Lawyers and law firms “need to talk much more about integrity”

Professor Steven Vaughan with Sarah de Gay, Master Solicitor of the City of London Solicitors’ Company

Lawyers and law firms should be “actively” reflecting on and talking about integrity “much more” than they currently do or appear to do, a leading legal academic has argued.

Professor Steven Vaughan also said it was “perfectly acceptable” that the Solicitors Regulation Authority (SRA) code said “so little” about integrity, although the guidance “probably could say a little more than it currently does”.

Professor Vaughan, based at the UCL Faculty of Laws, said that when moral challenges “do or might arise in legal practice”, solicitors should “take the time to reflect on them (in the moment and in advance); to sense check our actions; to engage in moral deliberation; to sit with the uncomfortable idea that we are doing harm and creating significant negative impacts, even if there are good reasons for so doing.

“This is about accepting the moral responsibility for the actions we take as lawyers.

“Are you – a solicitor or a law firm – sure you are acting for the ‘right’ reasons, and can you thoughtfully articulate what those reasons are? Are you as a solicitor being supported by your firm to engage in this form of moral deliberation?”

Delivering The Master’s Lecture at the City of London Solicitors Company, Moral remainders: What is the price of professional integrity?, Professor Vaughan said that despite being labelled by others as a “very unhelpful concept”, the obligation on solicitors to act with integrity did “two important things”.

He explained: “First, it acts or might act as a catch-all where a solicitor’s conduct is problematic but where we are unable to find a particular rule to attach that problematic conduct to. This is how it is a ‘useful short-hand’.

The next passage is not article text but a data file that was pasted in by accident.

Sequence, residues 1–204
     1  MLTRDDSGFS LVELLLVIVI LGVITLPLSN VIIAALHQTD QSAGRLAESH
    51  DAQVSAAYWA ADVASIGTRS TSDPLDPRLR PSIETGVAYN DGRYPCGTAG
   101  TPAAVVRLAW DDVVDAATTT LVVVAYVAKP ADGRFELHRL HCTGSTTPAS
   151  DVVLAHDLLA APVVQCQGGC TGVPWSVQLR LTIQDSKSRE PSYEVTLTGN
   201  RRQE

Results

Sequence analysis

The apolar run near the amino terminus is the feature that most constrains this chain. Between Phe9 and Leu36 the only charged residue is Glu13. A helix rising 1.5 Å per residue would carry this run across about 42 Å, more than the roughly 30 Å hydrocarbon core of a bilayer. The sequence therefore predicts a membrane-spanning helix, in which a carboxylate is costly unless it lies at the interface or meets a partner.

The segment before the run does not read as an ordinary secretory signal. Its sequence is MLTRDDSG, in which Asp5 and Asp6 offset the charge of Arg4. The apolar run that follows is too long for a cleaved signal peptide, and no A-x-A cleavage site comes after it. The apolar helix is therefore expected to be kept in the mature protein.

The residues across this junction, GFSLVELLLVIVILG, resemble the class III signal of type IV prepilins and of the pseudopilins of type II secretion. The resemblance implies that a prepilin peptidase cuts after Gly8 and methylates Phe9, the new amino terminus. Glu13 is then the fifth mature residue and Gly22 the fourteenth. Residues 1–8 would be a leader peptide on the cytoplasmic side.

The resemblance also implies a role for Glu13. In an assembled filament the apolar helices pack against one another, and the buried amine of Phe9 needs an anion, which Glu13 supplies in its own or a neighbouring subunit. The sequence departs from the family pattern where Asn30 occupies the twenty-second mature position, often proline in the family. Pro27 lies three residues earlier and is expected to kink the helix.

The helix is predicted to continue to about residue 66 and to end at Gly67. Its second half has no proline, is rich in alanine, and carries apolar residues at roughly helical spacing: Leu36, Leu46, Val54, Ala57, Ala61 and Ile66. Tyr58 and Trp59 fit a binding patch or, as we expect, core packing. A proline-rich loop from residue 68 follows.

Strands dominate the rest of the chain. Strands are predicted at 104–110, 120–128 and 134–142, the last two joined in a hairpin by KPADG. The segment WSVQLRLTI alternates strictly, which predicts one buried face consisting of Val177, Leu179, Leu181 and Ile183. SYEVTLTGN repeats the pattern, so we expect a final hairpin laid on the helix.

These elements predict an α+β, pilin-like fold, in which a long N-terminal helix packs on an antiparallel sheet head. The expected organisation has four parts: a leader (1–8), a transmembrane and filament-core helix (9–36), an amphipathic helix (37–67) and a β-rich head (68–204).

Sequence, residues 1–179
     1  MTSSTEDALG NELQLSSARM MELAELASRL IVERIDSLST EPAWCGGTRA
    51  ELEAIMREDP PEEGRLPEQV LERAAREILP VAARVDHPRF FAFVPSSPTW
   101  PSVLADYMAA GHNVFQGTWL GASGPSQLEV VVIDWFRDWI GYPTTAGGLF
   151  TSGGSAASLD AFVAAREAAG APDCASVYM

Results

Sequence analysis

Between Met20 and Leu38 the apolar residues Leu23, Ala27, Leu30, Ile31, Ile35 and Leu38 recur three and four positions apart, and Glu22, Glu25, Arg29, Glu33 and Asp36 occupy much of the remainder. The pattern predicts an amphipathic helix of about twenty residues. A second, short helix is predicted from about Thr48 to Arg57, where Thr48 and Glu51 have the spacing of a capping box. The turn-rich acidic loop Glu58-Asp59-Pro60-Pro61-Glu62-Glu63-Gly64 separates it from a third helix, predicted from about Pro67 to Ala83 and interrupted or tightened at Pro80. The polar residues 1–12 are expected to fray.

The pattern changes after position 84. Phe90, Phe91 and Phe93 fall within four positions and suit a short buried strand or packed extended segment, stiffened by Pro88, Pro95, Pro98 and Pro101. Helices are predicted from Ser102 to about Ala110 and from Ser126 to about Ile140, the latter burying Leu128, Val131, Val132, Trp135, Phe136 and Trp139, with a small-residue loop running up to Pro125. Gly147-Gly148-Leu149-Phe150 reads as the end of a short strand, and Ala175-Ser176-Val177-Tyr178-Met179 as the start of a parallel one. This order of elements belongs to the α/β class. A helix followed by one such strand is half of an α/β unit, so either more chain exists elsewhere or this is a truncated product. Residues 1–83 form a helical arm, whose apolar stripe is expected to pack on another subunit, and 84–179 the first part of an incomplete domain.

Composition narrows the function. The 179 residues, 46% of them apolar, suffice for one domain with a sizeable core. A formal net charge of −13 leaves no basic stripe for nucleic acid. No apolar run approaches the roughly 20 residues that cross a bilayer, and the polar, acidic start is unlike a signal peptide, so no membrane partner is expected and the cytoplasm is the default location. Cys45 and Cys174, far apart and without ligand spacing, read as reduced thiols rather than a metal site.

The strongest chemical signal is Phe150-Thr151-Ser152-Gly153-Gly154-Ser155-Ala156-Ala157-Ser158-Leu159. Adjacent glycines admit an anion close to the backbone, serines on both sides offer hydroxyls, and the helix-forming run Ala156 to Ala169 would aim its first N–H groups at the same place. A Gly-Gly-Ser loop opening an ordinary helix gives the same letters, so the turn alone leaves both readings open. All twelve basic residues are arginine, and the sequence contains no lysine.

“Second, the professional principle of integrity is a powerful reminder and signifier – like the professional principle of independence, like the principle on the rule of law – of the special role of the solicitor: a reminder that simply doing what a client wants is not the be all and end all.

“Integrity, more than the SRA’s other principles, captures the ‘spirit’ of the professional role, quite apart from the individual substantive rules. The challenge of articulating that spirit remains, of course.”

In line with the SRA’s approach to continuing competence, Professor Vaughan said lawyers and law firms needed to be “actively reflecting on and talking about integrity; much more than I feel they currently do or appear to”.

He said what would be required, and when, would differ depending on the situation, as set out by the SRA guidance on acting with integrity.

“It is here where that integrity-linked need and obligation to reflect that I have talked about is so critical.

“The entire regulatory scheme of the Legal Services Act and the SRA code/rules is that lawyers have a complex of duties, which may sometimes be in tension, and moments of discretion.

“Integrity – like the professional principle on independence, like the professional principle on the rule of law – simply suggests to lawyers what should guide their conduct when exercising that discretion: that they are institutional actors in our justice system with important social roles.”

Professor Vaughan said that, over time, he had come to the view that one of the biggest problems with professional ethics was that solicitors “often outsource our professionalism and forget our agency”.

He has suggested in his research that some lawyers in large law firms saw the firm’s compliance officer for legal practice (COLP) as “holder of the firm’s moral compass and the keeper of its moral code, leading to forms of ‘COLPing mechanisms’ in professional ethics, i.e. a feeling of ‘Someone else in the firm is doing ethics for me’”.

Having described ‘moral remainders’ as “defensible actions with moral costs”, the City solicitor turned academic said one of the invitations that went out for his speech referred instead to ‘moral reminders’.

“While this was a typo, it gets to the heart of what I am talking about. Integrity as a signifier, as a reminder.”

He added: “I have suggested this evening that I think it perfectly acceptable that the SRA code says so little about integrity, although its guidance probably could say a little more than it currently does…

“Seen in this way, the legal obligation on solicitors to act ‘with integrity’ is primarily a signalling device to lawyers of their special social and institutional roles and, importantly, that the SRA code of conduct is not the be-all and end-all of how to be a ‘good’ lawyer.

“Integrity as a principle in the code is then, above all else, an important moral reminder.”

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